Friday, October 30, 2009

Closer to Creation I: Sermon Notes

These are the notes to the first sermon in the "Closer to Creation" Series entitled "Something In the Water".  They are notes, which can make for tricky reading and absolutely horrific formatting in Blogger.  Sorry about that.  It is meant to be heard rather than read...

(Delivered September 20, 2009)
Something in The Water
Rev. Adam Tierney Eliot, Eliot Church, Natick, MA
Psalm 42
Genesis 1
Mark 9:30-37

Mary Oliver begins her "Morning Poem"

That we read today by saying that
Every morning the world is created
This is a great and hopeful idea
But if this is the case,

It while the world may be re-created
It isn’t always renewed it isn’t always healed
Most mornings the earth looks a bit too much like some of us
Which is to say a lot like we were the day before
But a little bit older, still tired, just wanting to go back to sleep

Who here has heard of “Mountaintop Removal”?
It is a very efficient way to remove coal
Where they make a mountain or hill about 500 feet shorter
To get at the deposits
Sending tons of rock and toxic minerals
Sliding down the side of the mountain into the lakes and streams below
Drying many of them up
And poisoning the water of the animals
And the human communities that live in the valleys
Of southern Appalachia

It all happens relatively quickly for the mining industry
So it is efficient in one way/ one human way/ one cheap way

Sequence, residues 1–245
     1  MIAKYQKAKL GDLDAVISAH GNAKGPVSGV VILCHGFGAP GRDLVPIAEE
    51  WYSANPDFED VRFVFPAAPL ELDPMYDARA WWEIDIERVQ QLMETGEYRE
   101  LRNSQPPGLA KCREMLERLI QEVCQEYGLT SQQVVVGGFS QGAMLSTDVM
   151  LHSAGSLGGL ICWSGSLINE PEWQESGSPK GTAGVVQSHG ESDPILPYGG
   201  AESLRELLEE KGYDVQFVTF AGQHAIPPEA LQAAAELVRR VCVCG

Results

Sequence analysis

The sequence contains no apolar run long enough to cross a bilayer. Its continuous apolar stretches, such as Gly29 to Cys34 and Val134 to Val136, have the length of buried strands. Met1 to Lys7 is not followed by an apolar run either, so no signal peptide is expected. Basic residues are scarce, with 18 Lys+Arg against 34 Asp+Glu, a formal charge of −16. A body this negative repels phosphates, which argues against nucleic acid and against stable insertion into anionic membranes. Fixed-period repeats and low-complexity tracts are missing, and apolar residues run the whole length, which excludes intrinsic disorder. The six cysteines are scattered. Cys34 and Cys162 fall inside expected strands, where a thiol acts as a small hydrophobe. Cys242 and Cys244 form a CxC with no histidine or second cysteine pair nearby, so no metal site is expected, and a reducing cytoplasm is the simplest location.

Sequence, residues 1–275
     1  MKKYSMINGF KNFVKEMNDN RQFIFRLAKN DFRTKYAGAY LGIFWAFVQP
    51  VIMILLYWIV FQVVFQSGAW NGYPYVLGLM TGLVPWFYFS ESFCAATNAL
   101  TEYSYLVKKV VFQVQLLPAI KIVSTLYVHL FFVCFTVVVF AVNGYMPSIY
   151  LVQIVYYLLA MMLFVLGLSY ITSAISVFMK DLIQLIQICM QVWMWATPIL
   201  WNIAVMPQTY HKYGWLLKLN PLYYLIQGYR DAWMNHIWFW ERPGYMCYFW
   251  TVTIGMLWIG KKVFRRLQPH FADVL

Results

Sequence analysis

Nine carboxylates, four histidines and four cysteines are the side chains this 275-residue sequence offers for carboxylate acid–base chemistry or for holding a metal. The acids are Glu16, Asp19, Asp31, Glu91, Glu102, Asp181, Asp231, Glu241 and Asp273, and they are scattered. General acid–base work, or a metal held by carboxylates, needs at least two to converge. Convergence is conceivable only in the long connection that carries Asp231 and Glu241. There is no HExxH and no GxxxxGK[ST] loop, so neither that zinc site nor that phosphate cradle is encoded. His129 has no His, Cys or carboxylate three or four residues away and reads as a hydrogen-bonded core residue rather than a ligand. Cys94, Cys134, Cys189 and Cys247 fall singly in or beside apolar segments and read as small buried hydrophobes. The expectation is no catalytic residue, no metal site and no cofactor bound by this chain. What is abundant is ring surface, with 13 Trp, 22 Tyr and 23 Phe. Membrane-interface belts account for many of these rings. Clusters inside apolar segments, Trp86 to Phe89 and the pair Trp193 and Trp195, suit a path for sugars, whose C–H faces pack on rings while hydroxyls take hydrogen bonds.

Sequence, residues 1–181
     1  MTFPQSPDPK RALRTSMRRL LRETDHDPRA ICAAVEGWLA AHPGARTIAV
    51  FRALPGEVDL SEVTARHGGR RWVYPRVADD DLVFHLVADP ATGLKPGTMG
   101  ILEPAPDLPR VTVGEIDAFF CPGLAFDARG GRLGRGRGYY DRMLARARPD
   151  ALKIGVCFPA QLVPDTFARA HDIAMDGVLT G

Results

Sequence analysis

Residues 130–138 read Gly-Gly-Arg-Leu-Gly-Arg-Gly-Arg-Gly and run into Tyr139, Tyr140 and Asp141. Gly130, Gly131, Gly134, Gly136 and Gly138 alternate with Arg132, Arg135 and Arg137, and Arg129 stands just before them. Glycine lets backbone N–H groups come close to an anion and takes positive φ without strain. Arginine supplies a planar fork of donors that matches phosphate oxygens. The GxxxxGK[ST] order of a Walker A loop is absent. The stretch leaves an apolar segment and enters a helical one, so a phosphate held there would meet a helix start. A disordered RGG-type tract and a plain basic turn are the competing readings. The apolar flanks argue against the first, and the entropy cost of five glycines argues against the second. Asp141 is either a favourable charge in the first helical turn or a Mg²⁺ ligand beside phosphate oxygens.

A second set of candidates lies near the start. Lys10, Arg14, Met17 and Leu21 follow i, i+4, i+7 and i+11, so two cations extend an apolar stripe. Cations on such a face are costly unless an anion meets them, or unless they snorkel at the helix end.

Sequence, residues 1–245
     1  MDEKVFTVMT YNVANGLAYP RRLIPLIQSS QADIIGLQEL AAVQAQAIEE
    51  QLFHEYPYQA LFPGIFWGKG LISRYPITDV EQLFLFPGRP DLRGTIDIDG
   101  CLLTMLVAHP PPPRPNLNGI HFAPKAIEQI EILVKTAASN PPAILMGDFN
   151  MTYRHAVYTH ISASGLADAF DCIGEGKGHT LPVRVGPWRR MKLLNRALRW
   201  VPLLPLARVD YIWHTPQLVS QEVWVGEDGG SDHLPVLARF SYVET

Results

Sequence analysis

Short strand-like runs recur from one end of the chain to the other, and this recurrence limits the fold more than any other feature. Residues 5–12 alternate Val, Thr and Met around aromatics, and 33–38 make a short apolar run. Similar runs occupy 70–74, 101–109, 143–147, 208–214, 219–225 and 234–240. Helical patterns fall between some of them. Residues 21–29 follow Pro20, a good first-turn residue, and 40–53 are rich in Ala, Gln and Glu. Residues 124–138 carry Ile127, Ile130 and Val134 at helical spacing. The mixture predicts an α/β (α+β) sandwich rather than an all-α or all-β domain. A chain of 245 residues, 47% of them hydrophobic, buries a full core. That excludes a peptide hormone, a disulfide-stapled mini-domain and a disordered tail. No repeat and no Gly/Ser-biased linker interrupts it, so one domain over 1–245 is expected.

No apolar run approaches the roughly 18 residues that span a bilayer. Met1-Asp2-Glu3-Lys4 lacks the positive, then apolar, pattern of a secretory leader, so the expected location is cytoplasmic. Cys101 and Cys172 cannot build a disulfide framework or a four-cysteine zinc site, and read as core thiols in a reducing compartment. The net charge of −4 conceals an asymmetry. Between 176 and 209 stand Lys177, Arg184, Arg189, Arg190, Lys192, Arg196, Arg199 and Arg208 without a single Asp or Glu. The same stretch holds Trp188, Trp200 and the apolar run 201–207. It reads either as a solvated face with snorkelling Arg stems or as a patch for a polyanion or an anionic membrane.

As long as you don’t consider the collateral damage
Done to the world around it
And yet—even knowing the consequences--we keep on doing it
We keep on day after day, morning after morning
Allowing for this immense level of destruction
To fulfill our own energy needs
Pastor Peter Illyn an evangelical minister in Kentucky
And an environmental activist comments on the devastation
Wrought by this technique and our complicity in it
By asking us:
Have we really lost our souls? Have we lost our connection with God and with the miracle of life that the earth is a commodity to be scraped up?

These questions are in the form of a lament, really
And they could be asked of any number of environmental tragedies
Have we lost our connection with God and with the miracle of life?
Have we lost our connection with each other?

You see, we sometimes look at situations like this
Like Mountaintop removal
And see them as horrible situations that happen out there
But when we think about it we know
That the coal from those mountains
Fires the generators that power and heat our houses
Here in New England

We are connected, we are responsible
But the damage done to that connection has been great
So much so that we have a hard time finding it